Relative Ellipsoid Zone Reflectivity Significantly Reduced Over Time in iAMD Eyes

Cross-sectional data showed that rEZR reduced with increasing age, while longitudinal data indicate rEZR declined at a rate of ‒2.1 AU per year.

New research reports the relative ellipsoid zone reflectivity (rEZR) is significantly reduced in subjects with intermediate age-related macular degeneration (iAMD) over a 3-year period.

The findings suggest both the presence and increasing extent of coexistent reticular pseudodrusen (RPD) at baseline were associated with a faster rate of decline.

“These findings warrant further studies to understand the value of rEZR as a biomarker of AMD progression,” wrote study author Chi D. Luu, PhD, Centre for Eye Research Australia, Royal Victorian Eye and Ear Hospital.

Luu and colleagues indicate that rEZR has been reported to be reduced in patients with iAMD, but the longitudinal changes seen in rEZR has remained unknown. As a result, they set out to investigate the natural history of rEZR in iAMD and its association with risk factors for disease progression, including the presence or extent of drusen volume, RPD, and pigmentary abnormalities (PAs).

The longitudinal observational study included participants with bilateral large drusen. Investigators collected spectral-domain optical coherence tomography (OCT) images of both eyes from each individual every 6 months for 3 years. Then, with an automated rEZR determination approach, the average rEZR of the central 20° macula was calculated for each SD-OCT volume scan.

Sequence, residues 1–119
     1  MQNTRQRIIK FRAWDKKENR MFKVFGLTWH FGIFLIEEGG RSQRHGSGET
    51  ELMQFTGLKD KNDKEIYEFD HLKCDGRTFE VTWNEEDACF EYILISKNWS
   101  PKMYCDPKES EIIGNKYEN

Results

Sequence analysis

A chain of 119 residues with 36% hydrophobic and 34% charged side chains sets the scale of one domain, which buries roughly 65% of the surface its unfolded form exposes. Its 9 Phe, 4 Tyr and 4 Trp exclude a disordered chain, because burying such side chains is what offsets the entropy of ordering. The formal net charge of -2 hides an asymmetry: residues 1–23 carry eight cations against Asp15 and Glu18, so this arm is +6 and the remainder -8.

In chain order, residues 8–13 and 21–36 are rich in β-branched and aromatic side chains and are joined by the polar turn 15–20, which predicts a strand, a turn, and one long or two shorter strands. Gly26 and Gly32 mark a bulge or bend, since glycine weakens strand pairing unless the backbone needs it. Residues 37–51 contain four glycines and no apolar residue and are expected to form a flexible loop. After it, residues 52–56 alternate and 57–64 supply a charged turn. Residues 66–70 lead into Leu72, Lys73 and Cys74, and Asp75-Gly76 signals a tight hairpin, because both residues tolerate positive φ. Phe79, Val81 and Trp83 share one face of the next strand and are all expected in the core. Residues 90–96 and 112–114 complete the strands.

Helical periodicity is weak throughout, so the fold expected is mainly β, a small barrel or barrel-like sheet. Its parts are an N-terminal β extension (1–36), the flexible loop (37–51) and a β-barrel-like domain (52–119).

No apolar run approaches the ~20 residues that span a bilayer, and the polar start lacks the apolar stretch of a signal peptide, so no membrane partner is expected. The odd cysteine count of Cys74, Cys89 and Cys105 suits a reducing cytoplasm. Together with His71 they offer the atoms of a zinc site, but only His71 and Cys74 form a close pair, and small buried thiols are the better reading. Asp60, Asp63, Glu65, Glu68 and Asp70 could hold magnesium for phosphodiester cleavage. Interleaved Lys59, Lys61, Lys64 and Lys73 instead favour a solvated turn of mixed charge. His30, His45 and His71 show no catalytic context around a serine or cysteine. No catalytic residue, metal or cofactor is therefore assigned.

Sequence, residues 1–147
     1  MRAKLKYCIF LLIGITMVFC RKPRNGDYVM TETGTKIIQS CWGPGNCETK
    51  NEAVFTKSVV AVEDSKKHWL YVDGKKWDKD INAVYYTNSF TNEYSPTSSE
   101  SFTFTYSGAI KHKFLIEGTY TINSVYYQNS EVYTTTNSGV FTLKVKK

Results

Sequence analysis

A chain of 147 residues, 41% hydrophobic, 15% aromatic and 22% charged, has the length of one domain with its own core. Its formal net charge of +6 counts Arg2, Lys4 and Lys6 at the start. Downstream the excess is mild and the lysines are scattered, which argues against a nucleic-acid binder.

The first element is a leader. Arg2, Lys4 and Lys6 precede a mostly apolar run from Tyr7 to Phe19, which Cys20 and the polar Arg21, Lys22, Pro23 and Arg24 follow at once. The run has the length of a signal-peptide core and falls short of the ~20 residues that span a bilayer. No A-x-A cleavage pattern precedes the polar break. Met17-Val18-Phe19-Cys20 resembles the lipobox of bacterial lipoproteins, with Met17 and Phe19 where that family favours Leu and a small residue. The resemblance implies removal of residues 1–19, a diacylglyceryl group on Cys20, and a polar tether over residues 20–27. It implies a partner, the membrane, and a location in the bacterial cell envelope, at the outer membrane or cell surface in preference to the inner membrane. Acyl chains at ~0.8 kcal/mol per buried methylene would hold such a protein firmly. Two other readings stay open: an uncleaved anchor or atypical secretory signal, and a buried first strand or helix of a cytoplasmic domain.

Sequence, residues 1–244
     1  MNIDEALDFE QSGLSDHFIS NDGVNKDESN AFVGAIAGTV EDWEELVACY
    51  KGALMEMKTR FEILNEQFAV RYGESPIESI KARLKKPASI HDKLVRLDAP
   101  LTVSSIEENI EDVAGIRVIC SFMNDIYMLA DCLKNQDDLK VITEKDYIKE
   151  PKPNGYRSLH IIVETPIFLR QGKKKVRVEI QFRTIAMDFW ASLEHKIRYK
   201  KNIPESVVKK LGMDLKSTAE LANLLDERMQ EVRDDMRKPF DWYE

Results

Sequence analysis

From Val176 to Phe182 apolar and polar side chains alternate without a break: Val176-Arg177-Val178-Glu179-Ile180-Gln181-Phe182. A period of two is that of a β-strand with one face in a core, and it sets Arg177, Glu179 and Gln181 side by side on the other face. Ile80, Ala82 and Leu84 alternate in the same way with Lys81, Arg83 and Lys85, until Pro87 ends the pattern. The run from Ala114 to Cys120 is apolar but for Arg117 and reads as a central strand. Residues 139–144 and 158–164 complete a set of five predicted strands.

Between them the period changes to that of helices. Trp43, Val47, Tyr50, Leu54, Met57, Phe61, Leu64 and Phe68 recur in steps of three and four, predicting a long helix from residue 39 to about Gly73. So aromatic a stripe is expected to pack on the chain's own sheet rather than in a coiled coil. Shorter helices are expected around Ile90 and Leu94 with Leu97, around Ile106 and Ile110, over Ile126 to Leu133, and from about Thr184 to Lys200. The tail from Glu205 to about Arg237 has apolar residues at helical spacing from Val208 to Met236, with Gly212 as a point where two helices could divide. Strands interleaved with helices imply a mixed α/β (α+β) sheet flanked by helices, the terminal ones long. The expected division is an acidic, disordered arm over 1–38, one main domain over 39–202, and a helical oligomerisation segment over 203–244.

Meanwhile, linear mixed models were used to determine the rate of change in rEZR with age using cross-sectional data at baseline and over time using longitudinal data, as well as the interactions between the rate of rEZR changes with AMD risk factors at baseline. Main outcomes for the study included the relative ellipsoid zone reflectivity and its rate of change with age and over time.

The study included a total of 280 eyes from 140 subjects with bilateral large drusen. The cross-sectional findings showed that rEZR reduces with increasing age (‒8.4 arbitrary units [AUs] per decade; 95% confidence interval [CI], –11.5 to ‒5.2; P < 0.001).

Moreover, the longitudinal data show that rEZR declined at a rate of ‒2.1 AU per year on average (95% CI, –2.6 to –1.6 AU per year; P <.001). A larger RPD area (P = .042) at baseline was linked to a faster rate of rEZR decline over time.

On the other hand, the presence of PAs and the drusen volume at baseline showed no significant association with rEZR decline over time (P = .068 and P = .529, respectively).

The abstract, “Natural History of the Relative Ellipsoid Zone Reflectivity in Age-Related Macular Degeneration,” was published in Ophthalmology.